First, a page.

Cells, Aging, and Human Disease

Cells, Aging, and Human Disease

Cells, Aging, and Human Disease

Cells, Aging, and Human Disease


Cells, Aging, and Human Diseaseis the first book to explore aging all the way from genes to clinical application, analyzing the fundamental cellular changes which underlie human age-related disease. With over 4,000 references, this text explores both the fundamental processes of human aging and the tissue-by-tissue pathology, detailing both breaking research and current state-of-the-art clinical interventions in aging and age-related disease.

Far from merely sharing a common onset late in the lifespan, age-related diseases are linked by fundamental common characteristics at the genetic and cellular levels. Emphasizing human cell mechanisms, the first section presents and analyzes our current knowledege of telomere biology and cell senescence. In superb academic detail, the text brings the reader up to date on telomere maintenance, telomerase dynamics, and current research on cell senescence--and the general model--cell senescence as the central component in human senescence and cancer. For each human malignancy, the chapter reviews and analyzes all available data on telomeres and telomerase, as well as summarizing current work on their clinical application in both diagnosis and cancer therapy.

The second edition, oriented by organs and tissues, explores the actual physiological impact of cell senescence and aging on clinical disease. After a summary of the literature on early aging syndromes--the progerias--the text reviews aging diseases (Alzheimer's dementia, osteoarthritis, atherosclerosis, immune aging, presbyopia, sarcopenia, etc.) in the context of the tissues in which they occur. Each of the ten clinical chapters--skin, cardiovascular system, bone and joints, hematopoetic and immune systems, endocrine, CNS, renal, muscle, GI, and eyes--examines what we know of their pathology, the role of cell sensescence, and medical interventions, both current and potential.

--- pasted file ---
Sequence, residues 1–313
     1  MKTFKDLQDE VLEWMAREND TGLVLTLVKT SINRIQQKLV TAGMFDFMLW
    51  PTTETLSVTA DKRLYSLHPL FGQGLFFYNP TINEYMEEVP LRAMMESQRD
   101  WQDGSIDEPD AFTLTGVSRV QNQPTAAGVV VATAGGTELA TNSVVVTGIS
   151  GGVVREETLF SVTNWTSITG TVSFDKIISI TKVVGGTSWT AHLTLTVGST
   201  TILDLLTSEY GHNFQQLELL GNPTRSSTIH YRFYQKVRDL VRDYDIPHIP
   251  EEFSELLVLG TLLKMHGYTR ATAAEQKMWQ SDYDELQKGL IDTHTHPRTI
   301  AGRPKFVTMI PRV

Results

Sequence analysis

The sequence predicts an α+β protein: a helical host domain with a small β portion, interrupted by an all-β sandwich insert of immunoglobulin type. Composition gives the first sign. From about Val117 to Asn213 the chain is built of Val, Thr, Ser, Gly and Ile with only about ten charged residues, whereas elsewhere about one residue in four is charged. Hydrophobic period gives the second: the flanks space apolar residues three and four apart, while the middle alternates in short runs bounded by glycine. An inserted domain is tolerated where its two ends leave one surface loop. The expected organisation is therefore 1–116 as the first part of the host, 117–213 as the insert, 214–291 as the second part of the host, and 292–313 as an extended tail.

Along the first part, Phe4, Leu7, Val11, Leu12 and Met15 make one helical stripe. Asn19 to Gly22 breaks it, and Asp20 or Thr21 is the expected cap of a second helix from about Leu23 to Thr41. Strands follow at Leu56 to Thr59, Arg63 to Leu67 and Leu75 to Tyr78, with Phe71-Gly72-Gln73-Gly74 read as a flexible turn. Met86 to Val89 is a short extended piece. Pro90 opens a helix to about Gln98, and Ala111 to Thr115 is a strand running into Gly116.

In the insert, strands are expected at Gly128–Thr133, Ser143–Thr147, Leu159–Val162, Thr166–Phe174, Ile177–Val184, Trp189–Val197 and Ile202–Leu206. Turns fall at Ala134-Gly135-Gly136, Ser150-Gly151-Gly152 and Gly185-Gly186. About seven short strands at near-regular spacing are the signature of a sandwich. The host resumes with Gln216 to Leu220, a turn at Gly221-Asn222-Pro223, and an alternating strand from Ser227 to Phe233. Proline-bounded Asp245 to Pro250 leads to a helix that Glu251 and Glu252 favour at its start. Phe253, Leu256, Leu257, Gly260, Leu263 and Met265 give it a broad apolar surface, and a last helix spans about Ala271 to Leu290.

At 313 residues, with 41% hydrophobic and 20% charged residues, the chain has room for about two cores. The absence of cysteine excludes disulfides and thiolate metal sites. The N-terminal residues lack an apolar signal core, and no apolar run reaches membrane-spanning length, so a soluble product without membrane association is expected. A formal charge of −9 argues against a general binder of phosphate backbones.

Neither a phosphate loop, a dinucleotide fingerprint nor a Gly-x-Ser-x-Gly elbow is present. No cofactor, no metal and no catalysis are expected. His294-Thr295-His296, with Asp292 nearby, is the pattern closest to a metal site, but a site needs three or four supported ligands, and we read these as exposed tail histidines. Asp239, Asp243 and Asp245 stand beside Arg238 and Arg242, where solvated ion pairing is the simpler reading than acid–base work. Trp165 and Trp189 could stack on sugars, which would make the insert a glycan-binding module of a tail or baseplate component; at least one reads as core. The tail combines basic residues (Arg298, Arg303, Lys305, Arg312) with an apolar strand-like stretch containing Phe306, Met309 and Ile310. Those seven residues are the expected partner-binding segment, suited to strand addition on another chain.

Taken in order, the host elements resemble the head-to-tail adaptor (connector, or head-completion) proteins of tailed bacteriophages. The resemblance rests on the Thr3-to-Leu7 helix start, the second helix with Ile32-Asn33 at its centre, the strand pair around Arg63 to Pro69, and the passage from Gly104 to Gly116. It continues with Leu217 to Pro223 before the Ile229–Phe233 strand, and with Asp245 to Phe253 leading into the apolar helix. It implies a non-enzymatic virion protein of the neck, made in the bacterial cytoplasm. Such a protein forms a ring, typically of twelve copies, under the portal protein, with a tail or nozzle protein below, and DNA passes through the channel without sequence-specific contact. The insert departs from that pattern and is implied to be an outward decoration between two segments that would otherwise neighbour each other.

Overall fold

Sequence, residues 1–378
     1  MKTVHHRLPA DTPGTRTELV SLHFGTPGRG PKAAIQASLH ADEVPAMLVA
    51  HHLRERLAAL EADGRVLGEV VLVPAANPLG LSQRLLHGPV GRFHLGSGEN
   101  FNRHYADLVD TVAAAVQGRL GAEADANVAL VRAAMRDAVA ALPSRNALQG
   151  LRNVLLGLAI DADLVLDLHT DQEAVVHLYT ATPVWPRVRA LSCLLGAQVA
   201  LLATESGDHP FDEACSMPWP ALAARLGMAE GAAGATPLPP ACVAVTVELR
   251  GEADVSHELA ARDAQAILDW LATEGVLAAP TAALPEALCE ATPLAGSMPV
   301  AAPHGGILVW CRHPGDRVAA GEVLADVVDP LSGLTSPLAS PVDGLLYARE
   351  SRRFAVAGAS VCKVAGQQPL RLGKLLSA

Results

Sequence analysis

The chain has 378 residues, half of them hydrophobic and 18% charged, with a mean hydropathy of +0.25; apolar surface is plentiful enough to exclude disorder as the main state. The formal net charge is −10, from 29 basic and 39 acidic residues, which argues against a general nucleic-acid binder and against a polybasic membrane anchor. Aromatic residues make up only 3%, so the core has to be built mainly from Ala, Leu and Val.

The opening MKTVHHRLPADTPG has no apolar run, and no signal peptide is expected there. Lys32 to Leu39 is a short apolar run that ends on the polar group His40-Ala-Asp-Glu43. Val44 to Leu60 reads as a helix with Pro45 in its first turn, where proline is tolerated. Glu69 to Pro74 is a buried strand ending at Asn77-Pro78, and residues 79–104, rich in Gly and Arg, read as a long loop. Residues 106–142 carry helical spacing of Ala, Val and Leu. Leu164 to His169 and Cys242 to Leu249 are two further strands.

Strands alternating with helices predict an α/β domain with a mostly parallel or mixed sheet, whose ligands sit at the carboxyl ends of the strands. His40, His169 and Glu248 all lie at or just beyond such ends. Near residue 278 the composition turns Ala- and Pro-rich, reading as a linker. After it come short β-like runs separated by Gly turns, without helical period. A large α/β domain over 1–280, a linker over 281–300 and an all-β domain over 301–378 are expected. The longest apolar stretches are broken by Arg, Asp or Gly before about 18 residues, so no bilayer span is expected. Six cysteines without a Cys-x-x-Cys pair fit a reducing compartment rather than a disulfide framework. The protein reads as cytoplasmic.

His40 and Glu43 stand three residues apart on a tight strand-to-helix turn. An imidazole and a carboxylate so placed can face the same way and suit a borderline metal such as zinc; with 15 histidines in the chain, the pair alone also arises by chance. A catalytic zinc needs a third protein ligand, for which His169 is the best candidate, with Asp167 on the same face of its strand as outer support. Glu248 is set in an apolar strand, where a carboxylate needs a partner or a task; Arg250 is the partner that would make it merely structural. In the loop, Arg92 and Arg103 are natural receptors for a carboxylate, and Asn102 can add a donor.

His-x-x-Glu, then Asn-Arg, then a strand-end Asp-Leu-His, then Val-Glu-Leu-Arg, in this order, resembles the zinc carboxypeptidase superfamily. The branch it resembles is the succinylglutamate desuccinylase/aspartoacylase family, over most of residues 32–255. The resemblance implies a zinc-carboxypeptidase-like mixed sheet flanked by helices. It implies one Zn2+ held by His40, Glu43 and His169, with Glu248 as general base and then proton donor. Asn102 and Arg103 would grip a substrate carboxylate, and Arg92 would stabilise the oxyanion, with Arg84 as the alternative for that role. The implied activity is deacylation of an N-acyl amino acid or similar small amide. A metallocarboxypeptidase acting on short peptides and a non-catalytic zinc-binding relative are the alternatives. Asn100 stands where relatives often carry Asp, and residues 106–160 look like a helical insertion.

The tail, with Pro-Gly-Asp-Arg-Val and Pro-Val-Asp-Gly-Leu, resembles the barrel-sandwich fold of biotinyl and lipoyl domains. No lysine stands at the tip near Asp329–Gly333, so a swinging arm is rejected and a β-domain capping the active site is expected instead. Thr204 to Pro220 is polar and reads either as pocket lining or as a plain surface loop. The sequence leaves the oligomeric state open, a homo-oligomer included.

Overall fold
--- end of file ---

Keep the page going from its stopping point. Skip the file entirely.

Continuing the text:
The major danger of technology is not that we may play God, but that we may refuse to work at being fully human. Compassion is the highest of human motivations, allowing us first to understand, then to prevent, the suffering, fear, and tragedy of others. Our enemy is not death, which will forever be with us, but avoidable suffering, which need not be. The ubiquity of disease is no more ordained than is the rarity of individual compassion, but it is in our power to lessen the former through our dedication to the latter.

The aim is to understand how diseases of aging occur, that we may prevent human suffering. Helping those around us is not “playing God,” but is, if it has a sacred meaning, God's work.To denigrate this dedication, to avoid our responsibility, to ignore the suffering of those around us is neither human nor forgivable. We cannot assume that if someone suffers, the creator of the universe must have wanted it that way. Our ignorance of divine intent is no justification for a lack of mercy.

Finally, the age of those who suffer does not mitigate nor alter our responsibility to them. Few are callous enough to ignore the suffering of children, some would ignore and trivialize suffering in the elderly. Having been children, perhaps we remember our own helplessness and fear, yet remain unable to predict or understand the suffering of those who walk ahead of us in time. Compassion for the young is common; an equal compassion for the old should be no less equally common. Its lack indicts our basest egoism and rests upon a willful ignorance of life.

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